With that in mind, below is a brief excerpt from the September 11th chapter of my book.

This is one of the few times that The LG Report will not attempt to provide a humorous posting.

[Excerpted from "Claims Made and Reported: A Journey Through D&O, E&O and Other Professional Lines of Insurance," Soho Publishing November 2008; All Rights Reserved ( Click Here For Book's Webpage)

May your strength give us strength
May your faith give us faith

May your hope give us hope

May your love give us love

– Bruce Springsteen “Into the Fire
Into the Fire” by Bruce Springsteen. Copyright © 2002 Bruce Springsteen (ASCAP.) Reprinted by permission. International copyright secured. All rights reserved.

VIII. September 11, 2001

[Note: This chapter is a revision of a piece that I wrote just prior to the first anniversary of September 11, 2001, well before I knew that I would be writing this book. I attempted to memorialize many of the events that I had seen and heard about on September 11th and during the year following that unfathomable tragedy. Given that so many commercial insurance people died on that dreadful day, I thought it appropriate to include those writings in this book. One-quarter of this book’s net proceeds will be donated to the National September 11 Memorial & Museum.]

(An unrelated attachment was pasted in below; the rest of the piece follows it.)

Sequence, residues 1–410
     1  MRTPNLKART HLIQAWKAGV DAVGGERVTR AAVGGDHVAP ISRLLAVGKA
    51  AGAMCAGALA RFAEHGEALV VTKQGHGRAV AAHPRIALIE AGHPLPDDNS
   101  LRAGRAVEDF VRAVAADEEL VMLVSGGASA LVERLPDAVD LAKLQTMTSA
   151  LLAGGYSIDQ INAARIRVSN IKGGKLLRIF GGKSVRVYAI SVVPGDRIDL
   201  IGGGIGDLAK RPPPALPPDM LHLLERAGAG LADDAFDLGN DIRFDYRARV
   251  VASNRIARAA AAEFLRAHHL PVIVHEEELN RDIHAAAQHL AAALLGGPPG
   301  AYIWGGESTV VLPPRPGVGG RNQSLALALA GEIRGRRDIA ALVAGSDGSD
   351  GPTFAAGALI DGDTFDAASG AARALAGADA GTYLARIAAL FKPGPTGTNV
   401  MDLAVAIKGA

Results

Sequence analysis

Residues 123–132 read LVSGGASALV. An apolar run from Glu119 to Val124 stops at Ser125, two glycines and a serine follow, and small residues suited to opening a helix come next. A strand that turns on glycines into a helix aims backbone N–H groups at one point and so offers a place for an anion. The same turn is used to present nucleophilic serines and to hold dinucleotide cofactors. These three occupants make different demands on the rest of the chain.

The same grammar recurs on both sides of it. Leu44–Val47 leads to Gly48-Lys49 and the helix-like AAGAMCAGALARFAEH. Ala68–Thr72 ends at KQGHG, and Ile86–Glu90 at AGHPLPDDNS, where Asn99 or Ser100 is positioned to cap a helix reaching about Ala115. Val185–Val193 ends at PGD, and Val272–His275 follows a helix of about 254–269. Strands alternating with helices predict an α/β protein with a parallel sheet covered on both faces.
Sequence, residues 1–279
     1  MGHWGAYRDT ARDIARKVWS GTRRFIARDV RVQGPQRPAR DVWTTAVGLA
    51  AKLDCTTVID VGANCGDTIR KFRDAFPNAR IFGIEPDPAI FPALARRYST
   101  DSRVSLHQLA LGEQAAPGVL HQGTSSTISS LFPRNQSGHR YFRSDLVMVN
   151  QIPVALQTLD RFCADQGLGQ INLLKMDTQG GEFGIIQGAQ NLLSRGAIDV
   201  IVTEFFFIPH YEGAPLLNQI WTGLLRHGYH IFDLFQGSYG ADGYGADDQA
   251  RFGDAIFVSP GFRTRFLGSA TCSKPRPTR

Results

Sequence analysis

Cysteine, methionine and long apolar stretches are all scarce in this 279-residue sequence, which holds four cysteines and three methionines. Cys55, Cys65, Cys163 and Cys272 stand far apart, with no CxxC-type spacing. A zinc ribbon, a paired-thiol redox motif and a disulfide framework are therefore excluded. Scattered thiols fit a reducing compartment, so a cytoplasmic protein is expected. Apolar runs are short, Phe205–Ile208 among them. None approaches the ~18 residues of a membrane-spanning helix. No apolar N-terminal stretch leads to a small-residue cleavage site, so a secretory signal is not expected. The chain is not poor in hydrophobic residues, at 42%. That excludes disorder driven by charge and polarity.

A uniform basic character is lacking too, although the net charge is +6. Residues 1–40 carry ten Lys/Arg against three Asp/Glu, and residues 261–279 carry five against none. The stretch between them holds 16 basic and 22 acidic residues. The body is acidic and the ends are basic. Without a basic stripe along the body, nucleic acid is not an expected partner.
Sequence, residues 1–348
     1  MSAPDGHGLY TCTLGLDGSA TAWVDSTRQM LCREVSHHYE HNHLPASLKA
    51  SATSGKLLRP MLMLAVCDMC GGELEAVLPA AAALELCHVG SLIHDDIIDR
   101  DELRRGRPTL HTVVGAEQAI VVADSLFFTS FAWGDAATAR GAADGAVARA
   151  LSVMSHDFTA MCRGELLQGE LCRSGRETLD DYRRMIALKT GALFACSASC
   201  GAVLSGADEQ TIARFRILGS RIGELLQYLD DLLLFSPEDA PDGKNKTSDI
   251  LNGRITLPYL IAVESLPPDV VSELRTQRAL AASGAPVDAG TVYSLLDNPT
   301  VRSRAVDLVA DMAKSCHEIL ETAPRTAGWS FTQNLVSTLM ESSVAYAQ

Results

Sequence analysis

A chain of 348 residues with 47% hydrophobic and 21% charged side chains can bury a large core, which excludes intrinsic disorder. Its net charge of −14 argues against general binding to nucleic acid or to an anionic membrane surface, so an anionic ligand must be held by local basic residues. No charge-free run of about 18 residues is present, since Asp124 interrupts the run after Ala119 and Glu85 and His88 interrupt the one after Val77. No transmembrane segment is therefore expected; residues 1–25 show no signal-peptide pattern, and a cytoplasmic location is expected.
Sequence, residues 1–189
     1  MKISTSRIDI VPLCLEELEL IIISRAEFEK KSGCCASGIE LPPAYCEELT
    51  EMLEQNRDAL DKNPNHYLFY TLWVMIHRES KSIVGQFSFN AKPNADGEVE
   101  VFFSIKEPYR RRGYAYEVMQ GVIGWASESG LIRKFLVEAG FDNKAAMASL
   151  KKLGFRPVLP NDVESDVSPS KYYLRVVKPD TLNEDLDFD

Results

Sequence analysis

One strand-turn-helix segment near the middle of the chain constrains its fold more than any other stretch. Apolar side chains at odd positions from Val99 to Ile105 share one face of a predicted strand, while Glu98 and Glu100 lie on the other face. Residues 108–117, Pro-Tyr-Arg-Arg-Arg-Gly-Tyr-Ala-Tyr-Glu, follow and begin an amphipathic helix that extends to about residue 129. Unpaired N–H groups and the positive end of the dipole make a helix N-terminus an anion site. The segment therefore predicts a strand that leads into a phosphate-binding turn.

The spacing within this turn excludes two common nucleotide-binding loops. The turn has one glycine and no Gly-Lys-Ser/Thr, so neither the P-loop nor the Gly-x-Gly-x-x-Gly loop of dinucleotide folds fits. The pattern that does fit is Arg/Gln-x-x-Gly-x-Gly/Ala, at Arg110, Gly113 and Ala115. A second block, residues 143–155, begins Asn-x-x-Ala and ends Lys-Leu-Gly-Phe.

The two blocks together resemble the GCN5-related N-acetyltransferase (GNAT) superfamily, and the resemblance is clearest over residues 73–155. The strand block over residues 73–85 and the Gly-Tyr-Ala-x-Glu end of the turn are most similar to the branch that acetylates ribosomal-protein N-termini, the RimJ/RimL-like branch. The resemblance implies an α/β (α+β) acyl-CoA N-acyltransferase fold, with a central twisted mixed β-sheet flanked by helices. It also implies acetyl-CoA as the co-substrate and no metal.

The morning of September 11, 2001 began like most other mornings for me at the time. I woke at 6:30 am and spent 32 minutes riding my exercise bicycle in my living room on East 18th Street in Manhattan while watching TV. I then showered and got ready for work at AIG’s downtown offices. Every morning, just before leaving my apartment, I’d rip a page off my horoscope-of-the-day calendar to see what the stars were predicting for me. This routine was attributable to my mother, who passed away in 1993. She used to put a horoscope-of-the-day calendar into my Christmas stocking every year starting in about 1980. After my mother died, my sister Maria continued the tradition. My guess is that I had read my daily horoscope almost every morning for 21 consecutive years.

That day, something very strange happened even before I left my apartment. I was about to rip off September 10th’s page to read the new day’s prediction when I said to myself, for no discernible reason, “The world is different now, I’m not going to read horoscopes anymore, I don’t believe in them.” With that thought, I unceremoniously threw the entire calendar into the garbage. This was the first time in 21 years that I knowingly refused to read my daily horoscope.